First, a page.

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by Iurii Trifonov,M. Glenny

Download Another Life fb2, epub

ISBN: 0349133972
Author: Iurii Trifonov,M. Glenny
Language: English
Publisher: Sphere (August 22, 1985)
Pages: 160
Subcategory: Literature
Rating: 4.7
Votes: 855
Size Fb2: 1498 kb
Size ePub: 1822 kb
Size Djvu: 1310 kb
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Another Life and The House on the Embankment (European Classics) Paperback. Trifonov's novel tells the story of a group of Moscow friends who grow into adulthood against the backdrop of Soviet Russia from Stalin through to Brezhnev's time.

Another Life and The House on the Embankment (European Classics) Paperback. Trifonov uses two narrators, and their contrasting viewpoints make the betrayals and the corruptions necessary for individuals to survive in that time, especially poignant. The moral decay of the individual living in Soviet society and the use of history and truth as a football, are chilling.

Another Life" is the story of Olga, a woman suddenly widowed and attempting to grasp the memory of her brilliant, erratic husband and to understand their life together. Possessed with a passion for truth, able to appreciate how the past affects the present, he could not hope to flourish in a society where intrigue and moral compromise were the norm. A sharp, satirical portrait of an academic opportunist, "The House on the Embankment" is paradoxically laced with compassion and humor.

Another Life by Iurii Trifonov (Paperback, 1985). AUTHOR: Trifonov, Iurii. TITLE: Another Life (Abacus Books). Pre-owned: lowest price. The lowest-priced item that has been used or worn previously. The item may have some signs of cosmetic wear, but is fully operational and functions as intended. This item may be a display model or store return that has been used. Other Books, Comics, Magazines. Books, Comics & Magazines. Read full description.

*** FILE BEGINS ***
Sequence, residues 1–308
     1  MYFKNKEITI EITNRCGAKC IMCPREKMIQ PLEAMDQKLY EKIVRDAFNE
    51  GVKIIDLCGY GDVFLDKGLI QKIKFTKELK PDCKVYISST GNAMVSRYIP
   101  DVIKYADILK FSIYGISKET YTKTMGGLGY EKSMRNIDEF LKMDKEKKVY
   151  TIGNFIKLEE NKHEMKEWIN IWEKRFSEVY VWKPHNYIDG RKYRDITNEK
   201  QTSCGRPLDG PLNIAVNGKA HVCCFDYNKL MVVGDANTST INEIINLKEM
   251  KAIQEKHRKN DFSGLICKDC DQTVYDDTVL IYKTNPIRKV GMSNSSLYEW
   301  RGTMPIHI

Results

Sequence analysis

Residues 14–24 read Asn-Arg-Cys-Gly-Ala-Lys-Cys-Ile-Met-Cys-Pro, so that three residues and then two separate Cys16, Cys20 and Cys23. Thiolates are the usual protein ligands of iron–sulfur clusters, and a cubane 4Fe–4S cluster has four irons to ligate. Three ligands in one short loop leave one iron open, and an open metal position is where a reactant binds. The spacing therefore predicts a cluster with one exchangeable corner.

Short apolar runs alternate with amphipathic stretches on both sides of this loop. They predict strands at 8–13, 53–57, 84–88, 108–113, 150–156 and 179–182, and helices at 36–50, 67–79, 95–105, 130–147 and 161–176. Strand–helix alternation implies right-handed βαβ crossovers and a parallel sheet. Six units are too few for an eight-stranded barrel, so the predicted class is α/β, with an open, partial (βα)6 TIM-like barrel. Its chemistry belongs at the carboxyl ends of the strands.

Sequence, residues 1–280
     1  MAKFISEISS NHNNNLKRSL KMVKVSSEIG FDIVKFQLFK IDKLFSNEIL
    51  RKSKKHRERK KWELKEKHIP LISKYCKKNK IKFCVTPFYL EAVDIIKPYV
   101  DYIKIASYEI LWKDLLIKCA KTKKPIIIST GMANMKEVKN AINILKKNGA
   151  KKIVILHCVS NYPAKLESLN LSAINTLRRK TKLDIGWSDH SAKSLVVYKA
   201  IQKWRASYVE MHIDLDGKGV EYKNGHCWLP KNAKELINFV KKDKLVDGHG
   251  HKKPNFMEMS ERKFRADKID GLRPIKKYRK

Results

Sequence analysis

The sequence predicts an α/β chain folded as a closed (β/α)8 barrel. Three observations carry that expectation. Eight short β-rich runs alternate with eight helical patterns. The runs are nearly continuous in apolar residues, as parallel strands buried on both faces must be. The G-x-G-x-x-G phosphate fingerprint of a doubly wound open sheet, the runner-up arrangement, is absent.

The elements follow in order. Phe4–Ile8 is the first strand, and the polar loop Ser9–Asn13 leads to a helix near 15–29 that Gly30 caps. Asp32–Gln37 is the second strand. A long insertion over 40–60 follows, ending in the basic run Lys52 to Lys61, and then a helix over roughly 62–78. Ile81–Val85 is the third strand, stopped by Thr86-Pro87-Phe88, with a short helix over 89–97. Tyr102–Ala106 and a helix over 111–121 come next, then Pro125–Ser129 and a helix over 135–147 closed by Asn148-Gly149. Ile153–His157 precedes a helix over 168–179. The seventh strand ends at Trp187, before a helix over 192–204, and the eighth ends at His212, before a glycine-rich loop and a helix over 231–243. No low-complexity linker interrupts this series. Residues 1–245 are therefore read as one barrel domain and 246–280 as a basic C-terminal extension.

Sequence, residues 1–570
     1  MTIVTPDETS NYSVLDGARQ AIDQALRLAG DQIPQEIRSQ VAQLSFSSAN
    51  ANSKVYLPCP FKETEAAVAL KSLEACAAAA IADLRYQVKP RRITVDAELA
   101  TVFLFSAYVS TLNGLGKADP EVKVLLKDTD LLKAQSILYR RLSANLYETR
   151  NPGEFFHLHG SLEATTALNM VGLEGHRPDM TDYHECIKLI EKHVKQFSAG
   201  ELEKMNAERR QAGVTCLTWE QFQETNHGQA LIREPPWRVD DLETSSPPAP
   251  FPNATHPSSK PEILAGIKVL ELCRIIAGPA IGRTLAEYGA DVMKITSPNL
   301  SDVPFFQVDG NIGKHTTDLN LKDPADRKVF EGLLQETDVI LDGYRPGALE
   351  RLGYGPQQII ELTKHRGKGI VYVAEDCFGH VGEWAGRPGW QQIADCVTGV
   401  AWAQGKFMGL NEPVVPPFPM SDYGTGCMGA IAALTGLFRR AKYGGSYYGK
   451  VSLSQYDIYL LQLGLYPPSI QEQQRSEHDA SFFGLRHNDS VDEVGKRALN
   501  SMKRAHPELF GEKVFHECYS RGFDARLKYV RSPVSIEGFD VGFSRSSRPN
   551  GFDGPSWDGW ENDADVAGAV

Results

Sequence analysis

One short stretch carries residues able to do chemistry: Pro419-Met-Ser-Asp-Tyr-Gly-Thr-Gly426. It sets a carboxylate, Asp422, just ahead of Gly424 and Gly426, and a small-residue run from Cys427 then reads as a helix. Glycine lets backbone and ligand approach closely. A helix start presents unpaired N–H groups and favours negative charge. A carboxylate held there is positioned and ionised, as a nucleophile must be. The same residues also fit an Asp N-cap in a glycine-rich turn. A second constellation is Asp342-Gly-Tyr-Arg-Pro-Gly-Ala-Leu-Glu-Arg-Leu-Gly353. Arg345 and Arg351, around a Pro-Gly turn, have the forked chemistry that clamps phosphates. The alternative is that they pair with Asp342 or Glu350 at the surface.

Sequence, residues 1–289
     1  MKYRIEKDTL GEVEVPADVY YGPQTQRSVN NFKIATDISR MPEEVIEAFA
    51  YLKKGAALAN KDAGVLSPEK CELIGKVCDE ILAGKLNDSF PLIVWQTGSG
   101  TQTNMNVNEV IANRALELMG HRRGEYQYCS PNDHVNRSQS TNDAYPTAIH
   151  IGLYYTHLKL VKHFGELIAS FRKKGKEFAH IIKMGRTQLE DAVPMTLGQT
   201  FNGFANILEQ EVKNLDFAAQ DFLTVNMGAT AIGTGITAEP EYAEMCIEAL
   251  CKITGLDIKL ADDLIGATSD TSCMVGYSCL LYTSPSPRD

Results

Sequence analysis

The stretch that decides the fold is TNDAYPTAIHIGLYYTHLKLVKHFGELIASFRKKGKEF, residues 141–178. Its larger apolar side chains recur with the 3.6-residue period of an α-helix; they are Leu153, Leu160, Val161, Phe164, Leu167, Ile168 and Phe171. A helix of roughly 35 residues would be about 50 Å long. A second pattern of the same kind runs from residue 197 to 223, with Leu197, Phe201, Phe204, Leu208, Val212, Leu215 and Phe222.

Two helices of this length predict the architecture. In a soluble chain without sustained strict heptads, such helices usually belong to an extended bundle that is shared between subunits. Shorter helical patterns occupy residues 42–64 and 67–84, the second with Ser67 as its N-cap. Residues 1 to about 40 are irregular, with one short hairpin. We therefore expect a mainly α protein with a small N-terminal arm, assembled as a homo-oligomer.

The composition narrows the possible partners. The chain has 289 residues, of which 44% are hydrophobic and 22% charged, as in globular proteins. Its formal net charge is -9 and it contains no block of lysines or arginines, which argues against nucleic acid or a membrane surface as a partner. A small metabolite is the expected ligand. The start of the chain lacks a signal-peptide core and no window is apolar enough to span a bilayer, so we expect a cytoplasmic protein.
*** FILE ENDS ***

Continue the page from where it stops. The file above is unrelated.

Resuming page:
Another Life is nearly flawless. Trifonov may be seen as a Soviet Chekhov.

About Iurii Trifonov. Yuri Trifonov (1925-81) is widely regarded as a major Russian writer of his generation. His literary career started early-he was published at twenty-two, and his novel Students won the 1951 Stalin Prize-but he spent much of the Thaw under Khrushchev in the state archives seeking to rehabilitate the memory of his father, who disappeared in the Great Purge of 1937 and was expunged from Party history.

Trifonov, I͡Uriĭ, 1925-1981; Glenny, Michael; Trifonov, I͡Uriĭ, 1925-1981. Foreword, John Updike - Another Life - The House on the Embankment.

2 Iurii Trifonov, Studenty, in Iurii Trifonov: Sobranie sochinenii v. .How Life Writes the Book: Real Socialism and Social­ ist Realism in Stalin’s Russia.

2 Iurii Trifonov, Studenty, in Iurii Trifonov: Sobranie sochinenii v chetyrekh tomakh, eds. S. A. Baruzdin, et al. (Moscow: Khudozhestvennaia literatura, 1985), vol. 1, 21 -406. haustive chronological study of Trifonov’s life and works in his Iurii Trifonov: khronika zhizni i tvorchestva (1925-1981) (Ekaterinburg: Izdatel’stvo Ural’skogo universiteta, 1997). N. L. Leiderman and M. Lipovetskii, Ot sovetskogo pisate­ lia k pisateliu sovetskoi epokhi. Ithaca: Cornell University Press, 1997. Leiderman, N. and M. Lipovetskii.